Levy Lecture: Pearl Harbor 80 years later
On December 7, the Levy Lecture Series featured a comprehensive presentation of Zoom webinars by historian Robert Watson, who has a doctorate in public policy, who discussed the prelude, buildup, motivations, execution , the consequences and the impact of the surprise attack by Japan on Pearl Harbor. naval base 80 years to the day since it happened. Watson, professor emeritus of American history at the College of Arts and Sciences at Lynn University in Boca Raton, Florida, described the attack as “a tactically brilliant victory for Japan, but strategically a devastating loss.”
Watson is a passionate speaker and student of history. He titled the 10-year period leading up to Pearl Harbor as “Japanese belligerence.”
International tensions had built up since 1931 when Japan seized the province of Manchuria in China. In 1936, Imperial Japan and Nazi Germany signed the Anti-Comintern Pact, declaring both nations’ opposition to Communism. At its lowest point, the Nanjing Massacre, a horrific and systemic attack on thousands of Chinese civilians, began on December 13, 1937 and lasted until the end of January 1938.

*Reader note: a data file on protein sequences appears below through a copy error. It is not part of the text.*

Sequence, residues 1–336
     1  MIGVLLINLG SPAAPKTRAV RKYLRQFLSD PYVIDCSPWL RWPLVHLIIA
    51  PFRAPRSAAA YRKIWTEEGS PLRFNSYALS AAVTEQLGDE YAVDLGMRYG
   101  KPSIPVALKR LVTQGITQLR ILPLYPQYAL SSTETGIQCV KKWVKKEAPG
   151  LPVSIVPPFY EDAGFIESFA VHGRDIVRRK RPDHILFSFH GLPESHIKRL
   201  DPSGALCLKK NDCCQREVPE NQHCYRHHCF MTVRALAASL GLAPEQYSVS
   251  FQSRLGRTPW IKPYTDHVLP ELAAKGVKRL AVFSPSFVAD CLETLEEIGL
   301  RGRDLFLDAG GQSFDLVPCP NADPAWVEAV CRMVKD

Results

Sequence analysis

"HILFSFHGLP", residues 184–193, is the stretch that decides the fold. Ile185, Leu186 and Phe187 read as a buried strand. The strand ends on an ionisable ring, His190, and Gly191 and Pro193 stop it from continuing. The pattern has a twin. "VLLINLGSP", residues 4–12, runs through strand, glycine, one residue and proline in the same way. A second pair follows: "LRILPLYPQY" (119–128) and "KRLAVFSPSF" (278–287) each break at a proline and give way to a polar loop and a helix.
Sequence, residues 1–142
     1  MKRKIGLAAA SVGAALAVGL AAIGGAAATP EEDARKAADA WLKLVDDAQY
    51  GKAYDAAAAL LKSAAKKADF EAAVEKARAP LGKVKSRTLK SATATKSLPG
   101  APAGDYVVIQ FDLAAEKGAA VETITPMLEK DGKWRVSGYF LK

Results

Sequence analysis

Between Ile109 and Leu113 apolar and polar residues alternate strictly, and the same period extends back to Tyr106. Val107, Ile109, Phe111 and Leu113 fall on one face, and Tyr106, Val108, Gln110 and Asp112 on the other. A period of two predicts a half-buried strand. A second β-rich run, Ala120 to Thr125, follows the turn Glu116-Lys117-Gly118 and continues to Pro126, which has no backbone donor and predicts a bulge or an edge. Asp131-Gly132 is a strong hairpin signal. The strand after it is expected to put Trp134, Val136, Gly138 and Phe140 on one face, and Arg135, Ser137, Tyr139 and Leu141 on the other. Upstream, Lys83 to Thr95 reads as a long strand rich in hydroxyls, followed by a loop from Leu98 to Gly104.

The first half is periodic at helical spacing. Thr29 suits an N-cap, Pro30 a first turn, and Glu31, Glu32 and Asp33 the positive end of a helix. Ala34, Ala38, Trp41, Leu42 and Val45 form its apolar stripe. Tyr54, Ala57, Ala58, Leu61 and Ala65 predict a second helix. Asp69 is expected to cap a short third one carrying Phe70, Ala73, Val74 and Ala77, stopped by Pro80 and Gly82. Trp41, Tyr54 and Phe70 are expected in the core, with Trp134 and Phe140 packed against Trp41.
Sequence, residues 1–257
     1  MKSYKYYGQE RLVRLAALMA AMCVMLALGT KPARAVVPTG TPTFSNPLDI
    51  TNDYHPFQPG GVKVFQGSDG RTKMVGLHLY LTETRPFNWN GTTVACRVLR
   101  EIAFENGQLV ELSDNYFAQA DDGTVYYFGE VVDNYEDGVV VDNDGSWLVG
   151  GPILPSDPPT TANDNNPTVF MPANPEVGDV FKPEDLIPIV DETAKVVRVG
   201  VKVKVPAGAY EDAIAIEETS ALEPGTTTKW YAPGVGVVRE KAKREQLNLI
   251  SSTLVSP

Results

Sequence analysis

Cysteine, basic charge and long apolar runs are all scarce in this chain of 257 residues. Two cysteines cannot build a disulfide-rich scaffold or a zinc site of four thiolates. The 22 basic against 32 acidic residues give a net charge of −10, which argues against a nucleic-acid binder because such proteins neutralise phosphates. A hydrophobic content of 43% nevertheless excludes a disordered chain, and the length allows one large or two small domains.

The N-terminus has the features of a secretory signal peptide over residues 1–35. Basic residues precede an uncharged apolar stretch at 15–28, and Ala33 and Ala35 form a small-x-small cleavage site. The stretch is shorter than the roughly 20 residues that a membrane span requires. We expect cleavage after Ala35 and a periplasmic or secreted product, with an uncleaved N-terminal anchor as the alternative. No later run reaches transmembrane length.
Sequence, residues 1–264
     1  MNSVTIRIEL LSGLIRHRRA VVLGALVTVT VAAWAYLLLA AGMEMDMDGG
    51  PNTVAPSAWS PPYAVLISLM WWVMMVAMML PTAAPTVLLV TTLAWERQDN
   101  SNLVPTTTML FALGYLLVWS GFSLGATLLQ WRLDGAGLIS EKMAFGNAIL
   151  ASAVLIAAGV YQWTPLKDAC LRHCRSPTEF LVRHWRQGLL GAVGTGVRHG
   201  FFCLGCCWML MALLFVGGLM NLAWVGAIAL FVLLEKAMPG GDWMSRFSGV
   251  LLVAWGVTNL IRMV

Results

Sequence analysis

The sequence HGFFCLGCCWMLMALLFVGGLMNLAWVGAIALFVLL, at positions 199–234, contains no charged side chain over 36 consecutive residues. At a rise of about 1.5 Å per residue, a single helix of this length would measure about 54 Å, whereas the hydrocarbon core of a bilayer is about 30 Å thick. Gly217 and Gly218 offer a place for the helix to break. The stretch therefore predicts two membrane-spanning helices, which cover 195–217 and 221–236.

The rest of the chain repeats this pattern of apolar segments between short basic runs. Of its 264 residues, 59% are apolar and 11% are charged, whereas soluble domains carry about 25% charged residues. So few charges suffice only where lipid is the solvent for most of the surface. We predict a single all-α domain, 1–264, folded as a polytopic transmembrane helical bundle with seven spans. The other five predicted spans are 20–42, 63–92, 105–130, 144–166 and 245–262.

The Tripartite Pact in 1940 established the Axis between Nazi Germany, Italy, and Japan, and by 1941 Japan had invaded Indochina, escalating territorial aggression.
Watson said that Japan’s thirst for power and geographic territory arose out of imperialism, a need to acquire natural resources in the countries they invaded, and a belief in their pre-established racial superiority, from the same way that Nazi ideology idolized Aryan genetic and racial superiority. .
From 1938, after the Nanjing Massacre, President Franklin D. Roosevelt attempted to stem Japanese expansion through economic sanctions, embargoes, freezing of Japanese assets and granting loans to China. In 1940 he moved the Pacific Fleet, about 100 ships, to Hawaii and sent US troops to the Philippines. But these efforts were wasted; The Japanese plan to bomb the base of Honolulu, on the American territory of Hawaii, was already under development.